Wednesday, June 15, 2016

Lord Butler is not a very nice man

According to PoliticsHome [is that still going?—Ed], Lord Butler has advised that, in the event of a Brexit vote, Parliament could use its Remain majority to force another referendum.
Former Cabinet Secretary Lord Butler has suggested the House of Commons could use its pro-EU majority to trigger a second referendum if there is a vote for Brexit next week.
Ah, the famous EU-style tactics of "ask them again till they give the right answer" from Lord Butler here.
The crossbench peer warned that any push for a re-run or attempt to stop withdrawal would trigger a “major political crisis”, but said it was “paradoxical” to prevent Parliament acting as it sees fit.

"The referendum is merely advisory, and Parliament and the Government do maintain their sovereignty in law,” he told The House magazine.
Yes, Lord Butler—we know that the referendum is advisory. But Parliament has taken the decision to ask the people what their opinion is on this issue.

If the people vote for Brexit, and Parliament ignores the result, it would be acting explicitly and purposely against the will of the people on a subject that it expressly asked them to decide on.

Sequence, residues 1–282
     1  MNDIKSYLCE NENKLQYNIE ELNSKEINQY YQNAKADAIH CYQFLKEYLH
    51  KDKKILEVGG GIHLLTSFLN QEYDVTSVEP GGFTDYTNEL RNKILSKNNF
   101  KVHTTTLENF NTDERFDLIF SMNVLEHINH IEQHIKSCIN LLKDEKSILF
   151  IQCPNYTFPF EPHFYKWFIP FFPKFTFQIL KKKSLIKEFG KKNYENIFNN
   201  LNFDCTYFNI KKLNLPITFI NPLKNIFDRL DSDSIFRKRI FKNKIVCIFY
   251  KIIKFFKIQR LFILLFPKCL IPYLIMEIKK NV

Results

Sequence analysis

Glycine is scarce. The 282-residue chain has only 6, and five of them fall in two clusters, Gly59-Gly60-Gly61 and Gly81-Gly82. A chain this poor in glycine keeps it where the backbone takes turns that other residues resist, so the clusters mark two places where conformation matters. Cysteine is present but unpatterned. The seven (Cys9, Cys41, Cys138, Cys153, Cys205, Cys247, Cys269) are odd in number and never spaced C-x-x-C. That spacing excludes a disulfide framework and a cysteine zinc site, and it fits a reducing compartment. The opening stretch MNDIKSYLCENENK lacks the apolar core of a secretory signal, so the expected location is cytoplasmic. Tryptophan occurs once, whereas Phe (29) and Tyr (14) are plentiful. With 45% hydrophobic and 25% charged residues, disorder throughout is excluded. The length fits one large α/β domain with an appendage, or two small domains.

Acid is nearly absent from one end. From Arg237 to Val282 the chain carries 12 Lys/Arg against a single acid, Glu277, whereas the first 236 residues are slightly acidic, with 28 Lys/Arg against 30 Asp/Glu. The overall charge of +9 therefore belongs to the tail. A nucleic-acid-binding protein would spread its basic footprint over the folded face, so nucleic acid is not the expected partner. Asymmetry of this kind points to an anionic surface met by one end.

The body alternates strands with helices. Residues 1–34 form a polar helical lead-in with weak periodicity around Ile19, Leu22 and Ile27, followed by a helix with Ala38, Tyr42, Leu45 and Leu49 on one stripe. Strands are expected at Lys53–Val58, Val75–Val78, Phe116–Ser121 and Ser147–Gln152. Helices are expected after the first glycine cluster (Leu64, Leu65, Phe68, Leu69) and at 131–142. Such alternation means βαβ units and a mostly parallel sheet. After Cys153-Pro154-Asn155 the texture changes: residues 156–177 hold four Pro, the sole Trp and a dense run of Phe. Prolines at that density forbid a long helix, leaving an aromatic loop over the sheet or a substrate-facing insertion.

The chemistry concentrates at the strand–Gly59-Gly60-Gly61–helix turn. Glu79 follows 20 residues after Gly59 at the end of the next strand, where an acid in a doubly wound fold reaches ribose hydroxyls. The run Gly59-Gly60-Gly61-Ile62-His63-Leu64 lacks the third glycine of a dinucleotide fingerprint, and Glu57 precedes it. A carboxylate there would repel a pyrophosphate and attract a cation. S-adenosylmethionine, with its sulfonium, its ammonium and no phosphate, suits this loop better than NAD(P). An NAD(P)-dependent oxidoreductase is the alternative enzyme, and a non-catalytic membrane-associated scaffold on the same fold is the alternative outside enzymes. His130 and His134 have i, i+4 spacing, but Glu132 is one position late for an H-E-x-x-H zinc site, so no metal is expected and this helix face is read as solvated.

It would be the final confirmation that this is not a democracy that we live in: it would be a very dangerous and explicit admission of what, currently, we only suspect to be true.
“One argument of the Brexiteers is that they want to restore powers and sovereignty to our Parliament – but all three main UK parties officially favour Remain. So it seems paradoxical to give powers back to Parliament to do something it does not want to. There might be pressure on parties to hold a second referendum.”
My dear Lord Butler, Brexiteers want to restore powers and sovereignty to our Parliament, so that we, the people—not Brussels technocrats—call the shots. We want to repatriate powers so that Parliament has no choice but to listen to us—because it is our power, not yours.

So what if all three parties officially favour Remain? If the people that the parties' MPs represent do not want to remain in the EU, it is not Parliament's place to dictate to the people who elect it. That is the main fucking point about democracy.

I know that you—having smoothly made the transition from civil servant to Lord—have not had to answer to the electorate for anything at all, and that's just fine and dandy for you. However, in this country, we do like our leaders to at least retain the fig leaf of accountability—to, at the very least, pretend that this is a democracy.

I know that you probably don't like the electors very much. In which case, I suggest that you go and work for the EU—that would be right up your street.

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